Can You Diagnose GHB Intoxication Clinically?

Written by Clay Smith

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Emergency physicians were not accurate in clinically diagnosing gamma-hydroxybutyrate (GHB) intoxication. A rapid test is needed.

Why does this matter?
GHB may be used by an individual or used as a rapid depressant to render a victim unconscious. It has been implicated in “date rape” scenarios. Patients have profound CNS depression and are comatose. But they can awaken within minutes. If you’ve never seen it, it’s really weird. There aren’t too many drugs like it. But rapid urine drug screens don’t detect it, and definitive diagnosis requires gas chromatography (GC). GHB abuse is less common in the U.S. but is more prevalent in some European countries. How good are we at recognizing and diagnosing GHB toxicity?

GHB – from coma to asking for a sandwich in 5 minutes
Altered patients with suspected drug intoxication who had a urine toxicology screen ordered were prospectively enrolled, and emergency physicians recorded what they thought was the most likely diagnosis up front. Drug and alcohol testing was at the discretion of the physician. All urine samples had GC performed to determine if GHB was present or not. GC results were not available at the time of treatment. Of 506 cases, GHB was present at a surprisingly high rate, 100 patients (~20% prevalence). What are people doing in Amsterdam? Don’t answer that… Most were male, and 35% had other substances present on drug screening. Median GCS for those who eventually tested positive for GHB was much lower (GCS = 3) than those who tested negative (GCS = 11). The diagnostic accuracy of clinical assessment for GHB compared with GC wasn’t great: sensitivity 63% (95%CI 52-73); specificity 93% (90-95); positive predictive value 67% (60-77); negative predictive value 92% (88-94). The punch line is – we can’t tell which altered patients are due to GHB, and a rapid test is needed to potentially avoid invasive procedures and extensive workup on such patients. But wait – a big caveat – even if we had a rapid test, a positive result may indicate past use but not present toxicity. And even if it was fairly rapid, we can’t sit on patients with a GCS of 3 and not do something. So, most patients would still get a big workup. Bear in mind, this is a very high prevalence. Personally, I haven’t seen many GHB cases (at least that I know of). This may not be generalizable to lower prevalence settings (i.e. much of planet earth).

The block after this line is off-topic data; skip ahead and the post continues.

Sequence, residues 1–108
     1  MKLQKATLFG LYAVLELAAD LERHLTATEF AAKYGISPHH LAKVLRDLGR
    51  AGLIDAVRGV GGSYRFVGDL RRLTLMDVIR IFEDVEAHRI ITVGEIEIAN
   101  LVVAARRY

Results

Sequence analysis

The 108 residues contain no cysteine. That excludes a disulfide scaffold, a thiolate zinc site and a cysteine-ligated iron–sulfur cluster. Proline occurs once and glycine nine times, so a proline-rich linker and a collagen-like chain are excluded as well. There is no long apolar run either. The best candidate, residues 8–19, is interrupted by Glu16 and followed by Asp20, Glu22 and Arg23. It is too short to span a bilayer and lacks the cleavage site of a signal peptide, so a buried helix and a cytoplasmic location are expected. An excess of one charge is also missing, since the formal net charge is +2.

Can emergency department clinicians diagnose gamma-hydroxybutyrate (GHB) intoxication based on clinical observations alone? Emerg Med J. 2021 Mar 5;emermed-2020-209577. doi: 10.1136/emermed-2020-209577. Online ahead of print.

What are your thoughts?

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